A small business or an ex-corporate freelancer would be in the middle. More experience than the college kid, and lower prices because of no physical overhead.

Q:
Do reputable designers charge by the project or by the hour?

A:
Charging by the project or by the hour depends on multiple variables, but no matter which way your contract is written, you should have a darn good idea of both before the first check exchanges hands. So, if Designer X charges $100/hr and says your web site will take 10 hours (obviously these numbers are for ease of math *g) then your estimated total is $1000.

If the contract is a flat $1000 and something goes wrong that’s not the designer’s fault, they better have those circumstances written into the contract or they’re taking all the risk. Conversely, if it’s an hourly project and the designer doesn’t stipulate which elements are their responsibility (not charged) and which are yours (charged), you might end up paying a lot more.

For example, in all my contracts, it says I will never charge for extra work necessary due to bugs/typos/etc on the part of myself or my employees. However, if rework is necessary due to the actions of the client or the client’s emissaries (web host, etc) then I would have to charge for that.

Q:
What is a fair hourly wage for a guru such as yourself (OK, OK, we all know you are boyond price, above rubies, and all that, so let’s talk about gurus in general, not you in particular)?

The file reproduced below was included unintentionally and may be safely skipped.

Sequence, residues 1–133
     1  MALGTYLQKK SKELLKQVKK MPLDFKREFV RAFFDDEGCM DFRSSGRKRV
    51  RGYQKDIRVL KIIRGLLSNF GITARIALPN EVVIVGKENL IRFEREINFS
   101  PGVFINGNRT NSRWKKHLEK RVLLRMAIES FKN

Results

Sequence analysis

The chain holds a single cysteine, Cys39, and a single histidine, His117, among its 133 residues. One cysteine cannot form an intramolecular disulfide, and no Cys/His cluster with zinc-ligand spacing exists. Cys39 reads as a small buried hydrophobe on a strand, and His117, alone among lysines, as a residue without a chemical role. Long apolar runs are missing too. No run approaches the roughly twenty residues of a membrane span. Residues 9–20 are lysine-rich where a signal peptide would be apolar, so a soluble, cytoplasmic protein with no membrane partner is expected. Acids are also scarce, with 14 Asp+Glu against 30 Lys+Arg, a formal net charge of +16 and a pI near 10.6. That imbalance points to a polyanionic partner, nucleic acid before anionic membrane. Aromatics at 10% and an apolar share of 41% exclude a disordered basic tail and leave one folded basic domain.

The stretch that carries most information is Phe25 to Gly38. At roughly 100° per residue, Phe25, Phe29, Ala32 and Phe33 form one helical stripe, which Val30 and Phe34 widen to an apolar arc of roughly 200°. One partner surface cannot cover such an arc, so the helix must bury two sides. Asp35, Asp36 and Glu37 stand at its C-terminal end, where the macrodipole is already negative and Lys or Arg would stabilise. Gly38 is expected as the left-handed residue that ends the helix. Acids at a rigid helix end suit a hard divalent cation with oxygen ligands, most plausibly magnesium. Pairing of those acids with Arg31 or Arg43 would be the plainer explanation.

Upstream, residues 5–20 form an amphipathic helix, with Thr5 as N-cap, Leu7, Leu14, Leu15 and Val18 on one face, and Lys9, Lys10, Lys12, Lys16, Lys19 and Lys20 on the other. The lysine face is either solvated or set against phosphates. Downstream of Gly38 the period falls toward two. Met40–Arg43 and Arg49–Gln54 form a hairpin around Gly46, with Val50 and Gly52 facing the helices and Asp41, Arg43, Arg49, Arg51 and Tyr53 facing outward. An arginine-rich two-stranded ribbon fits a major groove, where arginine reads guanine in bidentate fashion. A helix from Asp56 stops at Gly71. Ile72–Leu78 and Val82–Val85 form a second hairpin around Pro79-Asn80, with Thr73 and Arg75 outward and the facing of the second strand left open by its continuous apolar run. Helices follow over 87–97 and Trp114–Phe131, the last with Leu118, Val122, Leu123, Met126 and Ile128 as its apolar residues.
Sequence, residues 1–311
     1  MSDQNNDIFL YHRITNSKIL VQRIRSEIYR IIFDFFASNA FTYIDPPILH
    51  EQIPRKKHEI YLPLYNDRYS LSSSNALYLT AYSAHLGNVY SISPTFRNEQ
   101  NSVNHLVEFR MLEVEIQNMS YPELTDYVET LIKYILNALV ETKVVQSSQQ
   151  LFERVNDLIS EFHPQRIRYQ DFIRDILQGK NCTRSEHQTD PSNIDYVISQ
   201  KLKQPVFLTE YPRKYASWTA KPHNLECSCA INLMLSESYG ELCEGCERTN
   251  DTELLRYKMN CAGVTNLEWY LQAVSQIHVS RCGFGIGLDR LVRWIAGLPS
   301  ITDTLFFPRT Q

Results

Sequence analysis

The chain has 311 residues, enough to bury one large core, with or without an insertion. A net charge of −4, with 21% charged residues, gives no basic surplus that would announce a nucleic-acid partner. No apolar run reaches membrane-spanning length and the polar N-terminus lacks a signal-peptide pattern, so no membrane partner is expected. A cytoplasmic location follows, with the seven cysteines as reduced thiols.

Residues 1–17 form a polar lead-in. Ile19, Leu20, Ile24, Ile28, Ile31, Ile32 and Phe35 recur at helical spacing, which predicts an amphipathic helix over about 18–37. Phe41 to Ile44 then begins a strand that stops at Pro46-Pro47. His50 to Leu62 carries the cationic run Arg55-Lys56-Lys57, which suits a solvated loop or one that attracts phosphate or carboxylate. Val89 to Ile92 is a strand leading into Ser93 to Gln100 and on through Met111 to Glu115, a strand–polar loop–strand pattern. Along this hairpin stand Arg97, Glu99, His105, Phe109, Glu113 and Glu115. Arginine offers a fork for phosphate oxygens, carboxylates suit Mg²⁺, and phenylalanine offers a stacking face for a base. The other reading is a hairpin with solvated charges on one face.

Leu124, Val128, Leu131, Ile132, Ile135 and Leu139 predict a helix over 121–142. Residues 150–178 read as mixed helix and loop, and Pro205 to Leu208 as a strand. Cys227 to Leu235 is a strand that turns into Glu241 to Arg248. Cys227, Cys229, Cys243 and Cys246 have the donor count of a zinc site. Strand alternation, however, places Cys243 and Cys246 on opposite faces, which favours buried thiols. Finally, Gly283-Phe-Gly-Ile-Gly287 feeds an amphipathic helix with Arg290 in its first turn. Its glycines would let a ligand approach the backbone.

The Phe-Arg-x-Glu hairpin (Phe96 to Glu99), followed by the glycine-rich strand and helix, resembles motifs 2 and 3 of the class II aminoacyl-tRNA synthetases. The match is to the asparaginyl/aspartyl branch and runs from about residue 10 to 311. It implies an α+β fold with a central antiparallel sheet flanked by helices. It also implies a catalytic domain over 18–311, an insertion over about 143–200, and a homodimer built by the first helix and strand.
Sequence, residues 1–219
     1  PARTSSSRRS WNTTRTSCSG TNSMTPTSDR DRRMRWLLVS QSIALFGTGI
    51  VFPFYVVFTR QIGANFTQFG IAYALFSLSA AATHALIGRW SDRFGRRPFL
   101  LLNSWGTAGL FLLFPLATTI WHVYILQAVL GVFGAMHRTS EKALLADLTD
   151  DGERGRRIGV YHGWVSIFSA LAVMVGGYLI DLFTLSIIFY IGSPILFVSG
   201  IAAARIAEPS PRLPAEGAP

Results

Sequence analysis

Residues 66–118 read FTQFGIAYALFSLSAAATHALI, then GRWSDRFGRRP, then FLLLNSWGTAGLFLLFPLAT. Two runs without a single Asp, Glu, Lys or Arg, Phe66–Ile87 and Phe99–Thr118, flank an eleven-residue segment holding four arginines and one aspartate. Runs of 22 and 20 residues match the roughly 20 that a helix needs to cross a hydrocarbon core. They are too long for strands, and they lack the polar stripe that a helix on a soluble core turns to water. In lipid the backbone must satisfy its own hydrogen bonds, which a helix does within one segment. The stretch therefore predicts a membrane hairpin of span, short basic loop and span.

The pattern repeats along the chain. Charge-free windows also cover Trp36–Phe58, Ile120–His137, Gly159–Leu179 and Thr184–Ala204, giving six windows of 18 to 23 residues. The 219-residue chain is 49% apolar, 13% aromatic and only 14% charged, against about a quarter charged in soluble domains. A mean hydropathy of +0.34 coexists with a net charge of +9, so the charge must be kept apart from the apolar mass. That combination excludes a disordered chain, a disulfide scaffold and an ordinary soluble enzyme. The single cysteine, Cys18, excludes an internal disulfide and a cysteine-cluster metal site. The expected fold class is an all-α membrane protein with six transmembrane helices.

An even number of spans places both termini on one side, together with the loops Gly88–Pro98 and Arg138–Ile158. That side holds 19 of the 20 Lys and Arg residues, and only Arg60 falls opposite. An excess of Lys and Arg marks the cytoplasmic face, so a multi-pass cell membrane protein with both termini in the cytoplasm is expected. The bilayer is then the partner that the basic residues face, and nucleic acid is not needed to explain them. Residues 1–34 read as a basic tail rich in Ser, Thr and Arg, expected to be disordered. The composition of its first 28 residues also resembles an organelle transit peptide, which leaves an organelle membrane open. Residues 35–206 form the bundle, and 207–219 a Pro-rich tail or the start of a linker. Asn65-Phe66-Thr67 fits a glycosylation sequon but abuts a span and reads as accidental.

A:
Guru hourly wages can range from $50/hr to $150/hr, with some being above or below that, depending on many variables, not the least of which is what you’re contracting them for.

Q:
Also timeframe: should a good guru get you up and running in a week? A month? The twelfth of never? (Assuming you’ve done your part by filling out the survey questions.)

A:
Timeframe totally depends, much like the “building a house” metaphor. How big is the house? Is there a basement? Will you request blueprint changes after construction has started or design changes after the wallpaper is up? Etc.

Q:
Tweaking – that fuchsia that looked so good in theory looks like hell onscreen…how much time/money should one allot for necessary improvements?

Ongoing review: should a good guru be in touch with you every so often to meet your changing/expanded/newfound needs? How often? Is this type of service a la carte or part of an ongoing arrangement?

Self-service: since most of us pump our own gas, can we also fiddle with our own websites? Or is this just a sure-fire way to throw more business to the guru when the whole thing crashes and burns?

A:
Tweaking and maintenance should also be dealt with in advance, in the contract. Same with self-service. The programmer needs to know ahead of time if you plan to futz with the HTML (they can design accordingly) or if you need them to build a content editing wizard, or if you plan to just email them when you need updates.

Q:
I assume distance makes little or no difference, right? Does it matter if the designer lives in the same state?

A: